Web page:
Two bills were just introduced into the Washington State legislature that would permit the use of a neurotoxin to kill burrowing shrimp in areas where oysters are being grown commercially. This insecticide, imidacloprid, was not developed for marine use, and the overwhelming consensus of studies conducted both by the National Atmospheric and Oceanic Administration and the U.S. Fish and Wildlife Service is that spraying this insecticide in the marine environment is too risky. In addition to killing burrowing shrimp, it kills crabs, zooplankton, and free-swimming crustaceans. It’s nasty stuff.
The new bills are an attempt to circumvent the State Environmental Policy Act, by basically stating that environmental impact assessments can not be conducted regarding the application of imidacloprid. The bill’s sponsors want the legislature to ignore an 885-page report that details the harmful impacts of this neurotoxin on the environment.
The answer is simple, according to the legistlation’s primary sponsor, Senator Dean Takko. He insists that negative scientific findings are the result of “agenda-driven environmentalists.”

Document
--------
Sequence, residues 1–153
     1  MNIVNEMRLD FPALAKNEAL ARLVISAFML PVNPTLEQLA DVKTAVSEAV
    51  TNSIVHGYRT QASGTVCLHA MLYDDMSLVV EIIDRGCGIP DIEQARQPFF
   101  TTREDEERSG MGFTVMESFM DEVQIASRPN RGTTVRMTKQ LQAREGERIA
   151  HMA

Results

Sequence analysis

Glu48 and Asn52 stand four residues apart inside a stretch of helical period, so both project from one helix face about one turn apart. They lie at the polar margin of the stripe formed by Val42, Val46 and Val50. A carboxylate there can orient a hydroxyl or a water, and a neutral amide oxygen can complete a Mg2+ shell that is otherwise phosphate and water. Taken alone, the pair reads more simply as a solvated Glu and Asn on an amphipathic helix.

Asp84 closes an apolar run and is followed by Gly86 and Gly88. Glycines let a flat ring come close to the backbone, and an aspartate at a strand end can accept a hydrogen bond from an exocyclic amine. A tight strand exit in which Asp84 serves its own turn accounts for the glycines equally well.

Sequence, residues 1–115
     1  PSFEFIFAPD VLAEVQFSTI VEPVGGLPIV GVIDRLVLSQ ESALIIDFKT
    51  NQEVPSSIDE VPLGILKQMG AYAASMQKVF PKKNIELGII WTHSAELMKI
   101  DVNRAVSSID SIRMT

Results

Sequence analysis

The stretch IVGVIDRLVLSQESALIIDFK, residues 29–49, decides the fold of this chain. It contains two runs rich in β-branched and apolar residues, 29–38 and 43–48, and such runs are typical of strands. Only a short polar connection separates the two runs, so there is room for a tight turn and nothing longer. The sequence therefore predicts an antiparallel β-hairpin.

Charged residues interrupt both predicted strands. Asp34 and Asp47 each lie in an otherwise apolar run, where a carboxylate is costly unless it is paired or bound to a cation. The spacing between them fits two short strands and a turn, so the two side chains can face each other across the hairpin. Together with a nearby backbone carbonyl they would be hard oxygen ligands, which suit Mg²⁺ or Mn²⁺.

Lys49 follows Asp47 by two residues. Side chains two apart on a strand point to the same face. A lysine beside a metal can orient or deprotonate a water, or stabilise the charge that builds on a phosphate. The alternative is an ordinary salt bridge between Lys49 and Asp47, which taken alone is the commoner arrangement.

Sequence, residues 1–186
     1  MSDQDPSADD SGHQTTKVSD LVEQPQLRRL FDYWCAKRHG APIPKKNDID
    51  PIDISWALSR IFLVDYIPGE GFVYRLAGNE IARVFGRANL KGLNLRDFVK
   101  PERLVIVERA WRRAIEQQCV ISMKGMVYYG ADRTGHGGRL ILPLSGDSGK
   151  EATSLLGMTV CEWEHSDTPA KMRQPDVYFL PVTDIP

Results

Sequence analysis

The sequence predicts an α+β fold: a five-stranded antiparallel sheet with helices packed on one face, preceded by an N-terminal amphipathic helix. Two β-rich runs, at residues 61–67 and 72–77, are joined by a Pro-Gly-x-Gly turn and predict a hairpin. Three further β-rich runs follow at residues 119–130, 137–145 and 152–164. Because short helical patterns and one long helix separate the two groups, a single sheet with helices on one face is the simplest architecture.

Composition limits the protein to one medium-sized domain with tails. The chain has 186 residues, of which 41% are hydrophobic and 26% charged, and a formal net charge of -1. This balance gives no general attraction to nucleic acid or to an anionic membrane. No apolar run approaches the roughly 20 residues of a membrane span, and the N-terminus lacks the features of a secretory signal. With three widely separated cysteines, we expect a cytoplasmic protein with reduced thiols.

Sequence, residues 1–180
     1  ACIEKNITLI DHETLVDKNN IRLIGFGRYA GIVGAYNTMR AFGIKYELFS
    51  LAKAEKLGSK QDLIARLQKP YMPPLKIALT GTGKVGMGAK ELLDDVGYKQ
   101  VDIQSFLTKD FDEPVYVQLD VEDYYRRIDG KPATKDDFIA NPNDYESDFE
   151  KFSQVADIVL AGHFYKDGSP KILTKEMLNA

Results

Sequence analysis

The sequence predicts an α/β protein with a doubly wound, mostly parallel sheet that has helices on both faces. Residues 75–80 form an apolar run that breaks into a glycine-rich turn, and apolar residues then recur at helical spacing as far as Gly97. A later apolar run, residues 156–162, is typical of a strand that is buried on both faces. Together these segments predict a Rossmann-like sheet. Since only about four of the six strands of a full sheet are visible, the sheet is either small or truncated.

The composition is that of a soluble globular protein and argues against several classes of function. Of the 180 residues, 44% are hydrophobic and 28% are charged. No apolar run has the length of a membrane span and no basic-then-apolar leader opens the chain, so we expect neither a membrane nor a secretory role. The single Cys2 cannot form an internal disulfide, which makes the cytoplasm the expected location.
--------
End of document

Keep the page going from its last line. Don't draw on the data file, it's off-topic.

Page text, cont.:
Are environmentalists truly agenda-driven? Well, allow me to become the first environmentalist in Washington to cop to having an agenda. It’s no secret: my agenda is the preservation of the biosphere. This includes preserving the benthic community that Senator Takko is trying to poison.
I encourage my fellow agenda-driven environmentalists to speak out against Senate Bill 5626 and House Bill 1611. Aquaculture has developed effective ways to grow oysters by suspending them off the bottom substrate. Yes, it’s cheaper just to spay neurotoxins indiscriminately, but I don’t mind paying a bit more for oysters that have been grown in a manner that protects the underwater community. For now, my agenda has expanded to include helping the Washington State legislature to learn to respect the State Environmental Policy Act.
Journal of Natural Hist. Ed.
Natural History Institute
Center for Humans & Nature